China is not happy with Canada. Beijing is upset at Ottawa’s refusal to extradite Lai Changxing, wanted on charges of smuggling (he is claiming refugee status). They are also miffed about Prime Minister Stephen Harper’s meeting last autumn with the Dalai Lama, an honorary Canadian citizen. To top it off, new rules on the purchase of Canadian firms were proposed — a move seen by many as a bid to keep the Chinese out. Perhaps this explains why China has been cool to Canada’s efforts to attract investment in its oil sector. Chinese companies have invested $300m (€202m) in Alberta’s massive oil sands deposits, but that is a fraction of the $90bn invested in the region.
A visit by Harper to Beijing could help patch things up. Former Canadian prime minister Jean Chrétien, who visited China six times while in office, has called on Harper to make a trip. “Everybody is looking for Harper to go,” says Yuen Pau Woo, president and co-CEO of the Asia Pacific Foundation of Canada, a think-tank in Vancouver.
Whether young, old, pretty, plain, showing some leg or covered up in a full-length coat, Mexican women say it is impossible to avoid groping, verbal abuse and lewd looks on Mexico City’s overcrowded public transport network.
With rush-hour buses and subway cars stuffed to bursting, avoiding contact is almost impossible and it is sometimes hard to tell whether touching is deliberate. But in response to complaints over inappropriate male behaviour on public transport, city authorities have come up with a daring solution in a country where machismo rules – women-only buses.
The buses with large pink signs declaring “ladies only” have launched on two routes, and the city hopes to expand the single-sex service to 15 of its 88 routes in the coming months. The (male) driver is a barrier to men who try to gain entry, whether deliberately or in confusion. The mood on the buses is jubilant as, unheard of in rush hour, all the ladies get seats.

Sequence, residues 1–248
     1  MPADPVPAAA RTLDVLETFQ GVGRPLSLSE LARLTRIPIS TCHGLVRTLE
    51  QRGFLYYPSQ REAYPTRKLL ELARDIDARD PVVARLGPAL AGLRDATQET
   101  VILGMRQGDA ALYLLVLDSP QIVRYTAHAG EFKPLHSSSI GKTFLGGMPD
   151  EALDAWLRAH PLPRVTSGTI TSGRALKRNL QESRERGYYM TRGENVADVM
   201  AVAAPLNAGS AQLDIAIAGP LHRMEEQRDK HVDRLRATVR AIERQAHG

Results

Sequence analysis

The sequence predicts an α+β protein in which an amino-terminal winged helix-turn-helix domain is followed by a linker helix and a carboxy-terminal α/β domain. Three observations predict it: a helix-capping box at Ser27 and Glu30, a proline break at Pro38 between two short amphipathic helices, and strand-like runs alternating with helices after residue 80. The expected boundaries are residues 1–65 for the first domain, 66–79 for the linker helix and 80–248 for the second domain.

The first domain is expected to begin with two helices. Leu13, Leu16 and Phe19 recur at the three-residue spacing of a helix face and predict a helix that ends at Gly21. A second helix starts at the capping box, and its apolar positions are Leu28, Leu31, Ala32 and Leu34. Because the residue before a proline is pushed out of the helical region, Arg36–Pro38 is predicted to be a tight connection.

The decision to provide women-only buses was inspired by Mayor Marcelo Ebrard’s (see Monocle, issue 9) goal to improve the lot of women. It is the latest in a line of measures to make life better for the average Mexico City resident.
Cuban exiles and their offspring in Miami are drawing up a comprehensive blueprint to redevelop Havana and restore its former glory should the Caribbean island make a transition to democracy. Cuban-Americans constitute a significant economic force that could rapidly transform Havana if they were to be given the chance – and perhaps not entirely for the better.
“We are preparing a series of recommendations for the future, so that it isn’t converted into another cybercity,” says Nicolas Quintana, a former member of Cuba’s National Planning Board who fled in 1960. Now professor of architecture at Florida International University, he has been working on the blueprint for the past three years with financing from two Cuban-American developers.
The project involves a thorough technical documentation of Havana, based on maps, photos and satellite images. Quintana has voiced scepticism that Fidel Castro’s replacement by his brother Raúl would lead to improvements for Havana, such as a revitalisation of its decrepit housing stock.
“It can’t be done under the present system or the one that Raúl Castro would like to establish,” Quintana tells Monocle. “Their only objective is to retain power. Our project only fits into a world of freedom.” But in a world of freedom, would developers preserve the rich architectural legacy of a city whose heart has been named a Unesco World Heritage Site?
Olympics: gold standard
At the 2004 Olympics, the island nation managed to win one medal per 150,000 of its people. That meant a modest total of two.
Meanwhile the Mexicans were less waving than drowning with one medal per 26.2 million of their population. Total medals: four.